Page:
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Is amniocentesis becoming obsolete for Down’s syndrome screening?

A recently developed test called the Materni21 allows non-invasive screening for Down’s syndrome during early pregnancy simply from a blood draw from the mother. The test is being evaluated further by clinical trials for its reliability and accuracy, but the initial studies report promising results.

It appears that fetal DNA is detectable in the maternal blood and can be used for Down’s syndrome (Trisomy 21) screening. Blood is drawn any time after 10 weeks of pregnancy and fetal DNA is purified and analyzed to determine whether it is in the expected range similar to a normal pregnancy or increased in its DNA content which would suggest Down’s syndrome. The results are available within 7-10 days and if the test is positive, chorionic villus sampling (CVS) or amniocentesis is recommended for definitive diagnosis.

Although a negative test result does not completely eliminate the risk, the initial studies suggest good correlation between positive test results and confirmation based on invasive testing such as the CVS or amniocentesis. If the test is negative, based on initial studies, the risk of Down’s syndrome is reported to be extremely low.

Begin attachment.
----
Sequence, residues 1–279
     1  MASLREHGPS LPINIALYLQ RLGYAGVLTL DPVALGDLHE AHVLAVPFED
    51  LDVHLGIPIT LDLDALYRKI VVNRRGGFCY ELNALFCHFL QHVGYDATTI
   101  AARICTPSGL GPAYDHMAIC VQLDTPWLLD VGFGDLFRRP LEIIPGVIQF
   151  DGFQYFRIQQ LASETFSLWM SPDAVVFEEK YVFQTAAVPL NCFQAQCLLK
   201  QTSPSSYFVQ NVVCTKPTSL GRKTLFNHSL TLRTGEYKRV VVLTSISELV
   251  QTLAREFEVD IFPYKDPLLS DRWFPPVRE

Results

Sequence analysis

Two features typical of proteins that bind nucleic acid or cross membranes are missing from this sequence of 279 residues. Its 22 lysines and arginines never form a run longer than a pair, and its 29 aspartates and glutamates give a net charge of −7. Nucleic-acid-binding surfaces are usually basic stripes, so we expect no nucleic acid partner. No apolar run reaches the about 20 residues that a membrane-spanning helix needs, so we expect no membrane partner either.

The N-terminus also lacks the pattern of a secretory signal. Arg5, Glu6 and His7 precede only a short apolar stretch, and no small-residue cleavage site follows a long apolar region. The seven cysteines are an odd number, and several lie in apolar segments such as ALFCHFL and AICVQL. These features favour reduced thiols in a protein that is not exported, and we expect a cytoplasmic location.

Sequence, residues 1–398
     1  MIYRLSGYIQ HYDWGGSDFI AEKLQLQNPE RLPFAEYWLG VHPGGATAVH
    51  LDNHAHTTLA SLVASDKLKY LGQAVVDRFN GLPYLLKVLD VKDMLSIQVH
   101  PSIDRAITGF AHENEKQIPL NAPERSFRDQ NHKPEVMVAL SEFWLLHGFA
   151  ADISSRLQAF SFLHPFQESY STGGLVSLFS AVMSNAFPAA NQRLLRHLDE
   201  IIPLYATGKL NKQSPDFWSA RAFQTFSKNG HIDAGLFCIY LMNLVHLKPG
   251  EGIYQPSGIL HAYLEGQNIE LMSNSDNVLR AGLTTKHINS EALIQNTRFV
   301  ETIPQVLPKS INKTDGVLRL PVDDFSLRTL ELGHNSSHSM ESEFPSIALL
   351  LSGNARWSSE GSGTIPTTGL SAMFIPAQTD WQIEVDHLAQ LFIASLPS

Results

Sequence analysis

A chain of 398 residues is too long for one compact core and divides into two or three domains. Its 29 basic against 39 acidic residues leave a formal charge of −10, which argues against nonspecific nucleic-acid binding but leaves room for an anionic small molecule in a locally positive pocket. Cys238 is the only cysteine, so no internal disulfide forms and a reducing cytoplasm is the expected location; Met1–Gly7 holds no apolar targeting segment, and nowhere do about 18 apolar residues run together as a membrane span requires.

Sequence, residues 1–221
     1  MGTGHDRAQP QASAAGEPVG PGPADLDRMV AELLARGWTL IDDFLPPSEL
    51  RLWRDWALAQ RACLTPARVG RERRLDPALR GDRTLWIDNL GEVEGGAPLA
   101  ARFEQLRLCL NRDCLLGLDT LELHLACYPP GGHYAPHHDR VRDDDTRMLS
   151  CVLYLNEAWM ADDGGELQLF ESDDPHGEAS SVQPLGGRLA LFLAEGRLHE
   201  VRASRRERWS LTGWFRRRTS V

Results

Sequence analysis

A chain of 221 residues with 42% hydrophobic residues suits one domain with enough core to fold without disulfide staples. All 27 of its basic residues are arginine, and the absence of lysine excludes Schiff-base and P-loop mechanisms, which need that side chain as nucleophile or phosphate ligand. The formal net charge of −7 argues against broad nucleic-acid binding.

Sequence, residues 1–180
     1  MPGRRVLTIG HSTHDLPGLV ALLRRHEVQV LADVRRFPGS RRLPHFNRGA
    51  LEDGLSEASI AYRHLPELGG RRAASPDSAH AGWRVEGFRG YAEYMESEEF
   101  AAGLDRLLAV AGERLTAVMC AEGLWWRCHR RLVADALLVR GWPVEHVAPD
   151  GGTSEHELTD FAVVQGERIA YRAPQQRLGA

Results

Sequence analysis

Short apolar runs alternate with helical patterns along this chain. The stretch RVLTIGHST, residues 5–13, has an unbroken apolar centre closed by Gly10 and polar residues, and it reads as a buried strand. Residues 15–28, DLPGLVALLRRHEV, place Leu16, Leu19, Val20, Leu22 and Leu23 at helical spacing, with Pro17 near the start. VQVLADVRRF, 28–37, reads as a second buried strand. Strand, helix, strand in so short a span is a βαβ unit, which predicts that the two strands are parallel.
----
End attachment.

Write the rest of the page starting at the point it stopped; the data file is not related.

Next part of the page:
The indications for this test are the same indications for genetic screening during pregnancy including advanced maternal age, increased risk for Down’s syndrome based on personal or family history and increased risk based on other prenatal screening tests. The test now includes information about Trisomy 18 and 13 which are two other relatively common genetic abnormalities.

The benefit of this test is to minimize the number of invasive tests such as the CVS and amniocentesis to diagnose or rule out Down’s syndrome. Most women would prefer to get their blood drawn to find out about the health of their child rather than undergoing an invasive test which carries a small risk of miscarriage and infection (~ 1%). If verified by further studies, this new test may be combined with other screening tests during early pregnancy, eliminating the need for more invasive testing. It would be important to verify the investigational data before using this test routinely for all pregnant women to screen for Down’s syndrome and other chromosomal problems.